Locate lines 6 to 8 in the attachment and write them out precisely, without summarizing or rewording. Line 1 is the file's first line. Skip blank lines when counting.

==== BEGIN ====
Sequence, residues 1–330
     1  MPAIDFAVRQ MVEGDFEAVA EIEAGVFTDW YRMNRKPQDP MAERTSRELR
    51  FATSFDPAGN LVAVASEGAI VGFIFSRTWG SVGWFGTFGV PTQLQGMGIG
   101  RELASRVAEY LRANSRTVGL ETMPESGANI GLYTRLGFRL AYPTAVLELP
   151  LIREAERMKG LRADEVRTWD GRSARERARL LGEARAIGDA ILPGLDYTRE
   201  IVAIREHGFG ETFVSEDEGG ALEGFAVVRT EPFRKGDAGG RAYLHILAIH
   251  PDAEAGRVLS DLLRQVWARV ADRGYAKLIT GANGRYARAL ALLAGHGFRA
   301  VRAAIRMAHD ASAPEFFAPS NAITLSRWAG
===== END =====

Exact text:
   201  IVAIREHGFG ETFVSEDEGG ALEGFAVVRT EPFRKGDAGG RAYLHILAIH
   251  PDAEAGRVLS DLLRQVWARV ADRGYAKLIT GANGRYARAL ALLAGHGFRA
   301  VRAAIRMAHD ASAPEFFAPS NAITLSRWAG